int val = 0;
int val2 = 0;

void setup()
   Serial.begin(31250);       // Default speed of MIDI serial port

void loop()
   val = analogRead(1)/8;      // Divide by 8 to get range of 0-127 for midi
   MIDI_TX(176,1,val);         // 176 = CC command, 1 = Which Control, val = value read from Potentionmeter

   val2 = analogRead(0)/8;     // Control point 2


void MIDI_TX(unsigned char MESSAGE, unsigned char CONTROL, unsigned char VALUE) //pass values out through standard Midi Command

And here is a video:

Now go make your own controller with photoresistors, pressure sensors, touch sensors, whatever!


Logic PCB and Button PCB are done and released!

They’re both done, and I’ve released the files on

Also there is a group buy going on for both of the PCBs and prices are looking pretty good!

If you want to get in on it, please go to:

Here you can order the boards, get a list of components and ask general questions.  I check the post quite often so I’ll reply to any technical questions.

I also wanted to give a shout out to some forum members that have helped out a lot and have kept me motivated, in no particular order:

  • GreaterThanZero
  • SHvanBommel
  • dovemouse
  • Melo D
  • FingerTappin
  • fixatemusic
  • Anyone else that has given input, ideas, sugestions, etc.

I also made a video to show how I solder the SSOP FT232RL USB to Serial chip that is used on the Logic board, do remember you don’t have to use this chip, you can just buy the UM232R Module that FTDIchip sells and that will replace the FT232RL and mini USB connector.


More details on Logic Board and Button PCBS

logic board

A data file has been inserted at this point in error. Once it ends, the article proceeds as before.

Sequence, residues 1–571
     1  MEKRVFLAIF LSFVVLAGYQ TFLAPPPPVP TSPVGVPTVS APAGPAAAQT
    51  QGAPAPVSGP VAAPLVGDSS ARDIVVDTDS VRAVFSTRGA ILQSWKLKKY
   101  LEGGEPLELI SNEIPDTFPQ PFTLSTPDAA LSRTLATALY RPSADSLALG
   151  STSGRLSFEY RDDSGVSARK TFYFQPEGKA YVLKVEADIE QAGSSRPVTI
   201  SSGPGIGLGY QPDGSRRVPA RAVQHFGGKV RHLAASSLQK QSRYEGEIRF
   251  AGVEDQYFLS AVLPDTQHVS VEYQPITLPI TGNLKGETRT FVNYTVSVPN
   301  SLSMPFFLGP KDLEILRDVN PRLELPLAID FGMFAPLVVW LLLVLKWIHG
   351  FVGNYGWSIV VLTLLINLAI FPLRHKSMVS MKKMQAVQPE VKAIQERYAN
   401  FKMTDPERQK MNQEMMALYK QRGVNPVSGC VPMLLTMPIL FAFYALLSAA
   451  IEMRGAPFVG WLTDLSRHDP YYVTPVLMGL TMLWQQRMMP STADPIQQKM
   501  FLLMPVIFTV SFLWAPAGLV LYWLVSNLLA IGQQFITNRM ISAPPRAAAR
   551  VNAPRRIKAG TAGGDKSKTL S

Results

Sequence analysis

It is simply a basic arduino combined with the unsped shield on one board.  Read my older posts for  a lot of the nitty-gritty.

Here are the features…

  1. Single board design
  2. Easy to assemble
  3. USB can be onboard FT232RL SMD chip or UM232 Plug-in module using same board layout.
  4. All Atmega328 (or Atmega168) analog inputs are broken out
  5. Extra Digital outs from Atmegas are broken out
  6. Aref pin if needed
  7. Ground pin
  8. Small footprint with large mounting holes

One of the features that was requested was to have the analog inputs of the atmega chip available, this way you can hack the firmware in the Arduino IDE for extra inputs aka sliders, knobs, photoresistors, whatever your heart can think of, and there is six of them!

Also I figured might as well breakout the other four unused outputs, two of which are PWM capable, so maybe you want to have a LED that pluses the BPM, anything can be run of these for the most part.

For those that don’t care, just ignore them!

Here is a pic.

The breakout for both the SMD USB chip and also the UM232 module are both there so the choice is yours.

I will document the assembly better when I have time so it’ll be easy for anyone to put together.

Livid Button PCB

This was an idea from the good folks over at fourms, to make a PCB that would work with the buttons pads sold by Livid instruments.

The Buttons are a pretty good deal, they do have a couple extra buttons on them, but you can hack them off and have a perfect 8×8 button pad!  The PCB is designed to use these pads in coordination with the above logic board to make a complete arduinome that is easy to source and ‘relitivly’ inexpensive, yet still customizable (LED color, extra knobs, etc.)

The buttons feel nice and have a nice action to them, they are high quality.  The PCB has square contacts because that is what Livid uses on their own devices, the contact has a ton of surface area so the buttons are very responsive no matter how they are pushed.

Also the PCB can be butted up next to each other to make a 128 or even a 256, these buttons are slight larger than the real 40h kits, but much smaller than the sparkfun buttons, a 128 would be about 7″x14″ so not overly large.

A pic of 2 next to each other in a 128 layout.  While it looks odd, it lines up perfect.

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May 2018